Here in Warsaw we are as about as integrated as they get. We are 1:1, grades 6 to 12, with no computer classes. We have common classroom configuration, decent wireless coverage, and great tech support. 1:1 has been around long enough for teachers to "get it" and they are working harder to integrate everyday. We are a SAMR school (If you come to CEESA Budapest, I'll be talking about our experience with SAMR - Saturday, Session 8 13:00 to 14:00).
We have 1 integrator / coordinator in our high school (~300 students) and 1 integrator in the middle school (also ~300 students). In our elementary school (~320 students), we have 2 integrators (although we are one short this year).
We are trying to fit NETS-S into our model. We want to meet the NETS-S standards, but without weekly classes, we are finding it difficult to teach and assess the NETS-S standards. Of course, many of our students hit many of the standards in our school (as happens in a 1:1 school), but we are concerned with uniform and ubiquitous exposure to these standards. We currently don't have a built-in structure for teaching "technology skills". We mainly rely on informal learning and classroom integration projects. For example, when a teacher uses Rosetta Stone online, they will teach the students how to use that specific tool. Another example, when using voice thread, the integrator will teach many different tech skills so students can effectively create with voicethread.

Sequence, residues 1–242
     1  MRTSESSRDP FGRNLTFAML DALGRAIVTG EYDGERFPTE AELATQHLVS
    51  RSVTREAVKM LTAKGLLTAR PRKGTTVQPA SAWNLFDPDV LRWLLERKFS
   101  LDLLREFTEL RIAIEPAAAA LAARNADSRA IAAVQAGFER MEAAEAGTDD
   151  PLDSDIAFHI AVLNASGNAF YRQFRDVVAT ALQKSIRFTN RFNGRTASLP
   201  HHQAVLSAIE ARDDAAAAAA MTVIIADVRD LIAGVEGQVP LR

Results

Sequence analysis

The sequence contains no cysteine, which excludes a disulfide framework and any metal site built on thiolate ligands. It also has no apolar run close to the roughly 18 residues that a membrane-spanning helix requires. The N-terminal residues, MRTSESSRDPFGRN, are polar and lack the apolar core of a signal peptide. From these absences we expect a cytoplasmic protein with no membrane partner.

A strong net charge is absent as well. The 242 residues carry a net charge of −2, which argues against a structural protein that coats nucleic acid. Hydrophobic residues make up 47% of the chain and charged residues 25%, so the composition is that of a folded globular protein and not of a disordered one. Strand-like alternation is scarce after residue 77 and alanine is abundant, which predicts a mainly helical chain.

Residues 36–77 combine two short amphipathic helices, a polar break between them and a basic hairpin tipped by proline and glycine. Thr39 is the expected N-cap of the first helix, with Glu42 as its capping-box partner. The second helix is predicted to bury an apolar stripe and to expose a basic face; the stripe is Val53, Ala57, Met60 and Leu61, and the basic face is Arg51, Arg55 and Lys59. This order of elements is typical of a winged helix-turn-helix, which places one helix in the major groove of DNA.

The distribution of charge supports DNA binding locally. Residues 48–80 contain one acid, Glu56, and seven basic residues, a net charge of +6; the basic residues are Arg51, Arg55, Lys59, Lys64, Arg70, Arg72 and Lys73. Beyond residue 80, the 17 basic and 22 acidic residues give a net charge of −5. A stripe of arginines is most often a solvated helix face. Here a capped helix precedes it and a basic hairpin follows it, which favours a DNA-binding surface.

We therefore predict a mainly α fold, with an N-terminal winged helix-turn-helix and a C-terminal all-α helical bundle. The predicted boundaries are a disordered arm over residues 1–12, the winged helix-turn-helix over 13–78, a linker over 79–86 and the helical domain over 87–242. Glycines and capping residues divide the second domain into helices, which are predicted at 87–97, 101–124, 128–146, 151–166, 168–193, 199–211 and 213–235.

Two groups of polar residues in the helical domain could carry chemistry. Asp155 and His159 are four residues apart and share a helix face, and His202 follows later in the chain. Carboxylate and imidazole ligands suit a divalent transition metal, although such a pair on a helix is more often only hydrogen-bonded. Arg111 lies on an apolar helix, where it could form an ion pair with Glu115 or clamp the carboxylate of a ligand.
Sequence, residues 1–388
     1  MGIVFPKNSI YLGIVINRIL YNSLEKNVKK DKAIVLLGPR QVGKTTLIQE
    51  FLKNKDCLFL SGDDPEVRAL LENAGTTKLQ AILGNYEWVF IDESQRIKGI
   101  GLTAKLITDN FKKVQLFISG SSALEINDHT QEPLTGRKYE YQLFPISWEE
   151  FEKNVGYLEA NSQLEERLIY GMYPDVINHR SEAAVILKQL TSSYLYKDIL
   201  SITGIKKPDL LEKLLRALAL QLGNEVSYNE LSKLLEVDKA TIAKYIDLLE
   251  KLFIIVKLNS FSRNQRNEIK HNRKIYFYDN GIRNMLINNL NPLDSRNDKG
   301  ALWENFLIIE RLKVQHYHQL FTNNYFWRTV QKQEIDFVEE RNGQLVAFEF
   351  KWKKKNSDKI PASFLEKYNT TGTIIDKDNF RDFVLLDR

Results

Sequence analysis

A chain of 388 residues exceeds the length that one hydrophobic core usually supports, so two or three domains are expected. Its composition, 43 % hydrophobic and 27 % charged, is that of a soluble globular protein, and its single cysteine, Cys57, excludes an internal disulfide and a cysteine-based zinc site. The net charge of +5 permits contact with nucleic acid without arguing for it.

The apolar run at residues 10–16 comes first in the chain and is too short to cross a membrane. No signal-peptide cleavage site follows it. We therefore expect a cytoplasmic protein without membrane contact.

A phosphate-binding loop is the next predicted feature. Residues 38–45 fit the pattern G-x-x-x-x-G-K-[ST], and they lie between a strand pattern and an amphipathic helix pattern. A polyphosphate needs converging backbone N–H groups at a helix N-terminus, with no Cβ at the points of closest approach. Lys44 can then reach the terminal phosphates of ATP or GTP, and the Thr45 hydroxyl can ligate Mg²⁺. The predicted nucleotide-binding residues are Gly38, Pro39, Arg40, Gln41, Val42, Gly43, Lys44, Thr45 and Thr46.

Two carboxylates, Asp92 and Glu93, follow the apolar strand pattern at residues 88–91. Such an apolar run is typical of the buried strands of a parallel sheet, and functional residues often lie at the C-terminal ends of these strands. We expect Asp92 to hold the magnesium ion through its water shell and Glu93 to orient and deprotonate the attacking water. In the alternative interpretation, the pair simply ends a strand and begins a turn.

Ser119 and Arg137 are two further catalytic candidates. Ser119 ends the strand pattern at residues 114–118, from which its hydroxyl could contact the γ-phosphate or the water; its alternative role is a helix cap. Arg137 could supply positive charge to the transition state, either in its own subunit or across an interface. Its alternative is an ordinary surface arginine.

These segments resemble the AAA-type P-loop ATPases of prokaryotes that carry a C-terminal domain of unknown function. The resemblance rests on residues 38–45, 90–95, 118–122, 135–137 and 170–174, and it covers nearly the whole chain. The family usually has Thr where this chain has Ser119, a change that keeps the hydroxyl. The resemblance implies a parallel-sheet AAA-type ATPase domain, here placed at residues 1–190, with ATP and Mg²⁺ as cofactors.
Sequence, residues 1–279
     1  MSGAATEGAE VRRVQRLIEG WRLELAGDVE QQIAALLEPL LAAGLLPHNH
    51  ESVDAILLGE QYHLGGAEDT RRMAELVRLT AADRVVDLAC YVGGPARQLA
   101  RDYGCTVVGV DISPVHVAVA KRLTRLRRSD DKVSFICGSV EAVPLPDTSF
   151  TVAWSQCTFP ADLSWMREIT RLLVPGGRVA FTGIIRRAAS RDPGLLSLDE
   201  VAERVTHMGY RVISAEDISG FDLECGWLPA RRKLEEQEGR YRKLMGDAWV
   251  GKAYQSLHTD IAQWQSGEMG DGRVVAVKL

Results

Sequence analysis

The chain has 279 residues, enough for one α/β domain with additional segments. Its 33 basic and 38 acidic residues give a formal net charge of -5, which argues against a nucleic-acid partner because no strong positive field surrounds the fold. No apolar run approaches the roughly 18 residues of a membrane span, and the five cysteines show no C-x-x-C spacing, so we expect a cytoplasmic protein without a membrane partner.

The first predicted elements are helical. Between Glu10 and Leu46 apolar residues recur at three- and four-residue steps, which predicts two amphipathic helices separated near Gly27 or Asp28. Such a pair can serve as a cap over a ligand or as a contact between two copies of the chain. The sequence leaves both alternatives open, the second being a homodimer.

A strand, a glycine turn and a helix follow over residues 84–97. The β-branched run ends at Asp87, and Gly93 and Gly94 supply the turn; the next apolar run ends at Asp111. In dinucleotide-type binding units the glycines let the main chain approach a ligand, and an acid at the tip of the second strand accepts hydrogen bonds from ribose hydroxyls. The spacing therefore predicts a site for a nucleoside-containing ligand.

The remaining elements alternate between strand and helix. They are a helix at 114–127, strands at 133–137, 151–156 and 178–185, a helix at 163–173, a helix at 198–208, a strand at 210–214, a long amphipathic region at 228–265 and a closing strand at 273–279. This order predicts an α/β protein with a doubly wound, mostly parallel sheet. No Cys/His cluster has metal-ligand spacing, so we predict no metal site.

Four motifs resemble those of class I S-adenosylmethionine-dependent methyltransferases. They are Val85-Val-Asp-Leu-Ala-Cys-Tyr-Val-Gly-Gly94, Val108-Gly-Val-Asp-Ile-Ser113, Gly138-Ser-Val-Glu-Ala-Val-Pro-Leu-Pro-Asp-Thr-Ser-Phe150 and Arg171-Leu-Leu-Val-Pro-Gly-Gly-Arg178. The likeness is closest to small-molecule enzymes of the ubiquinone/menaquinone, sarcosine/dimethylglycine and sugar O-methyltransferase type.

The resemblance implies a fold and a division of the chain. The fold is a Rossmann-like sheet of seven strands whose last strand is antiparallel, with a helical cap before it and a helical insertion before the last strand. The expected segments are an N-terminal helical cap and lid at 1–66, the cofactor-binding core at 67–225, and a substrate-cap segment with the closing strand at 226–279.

There is something about meeting with kids 45 minutes a week to teach them how to bookmark and use excel that makes my head hurt. It kind of flies in the face of my idea of "integrated technology" where technology is so woven into the fabric of teaching that it's "just part of the way things are done". I don't want my teachers (and students) to think "oh, technology is something that happens in technology class".
I'm sure there is some balance here. Here are some options:
1. Have a "tech class" where students go every week and learn about technology.
2. Integrators push in X number of minutes a week to "teach tech".
3. Teachers are responsible for meeting technology standards (with support of integrators)
4. Ditch the idea of standards, and focus more on "learning to learn with tech". So for example, if a student doesn't know how to do XYZ on a computer, they will google it.
5. Focus on very broad standards, for example "communication and collaboration" doesn't need to be met with a strict definition of what this means, but we accept a very wide variety of skills as evidence.
6. Offer a remediation session for especially poor (or new) tech users. After / before school.
So my question to you is how to embrace an integrated technology environment and also use fairly traditional scope and sequence for technology skills? I think my main point is I don't want teachers and students to see technology as "over there" I want them to see it as "in here". If we teach "computer class", I think it won't serve the integration model well.
I'll be cross posting this to my local ed-tech listserv, and also on my blog.
Curious to hear your thoughts.
Published on Monday, January 24, 2011 (about 8 years, 4 weeks, and 12 hours ago). Posted in: Educational Tech Leadership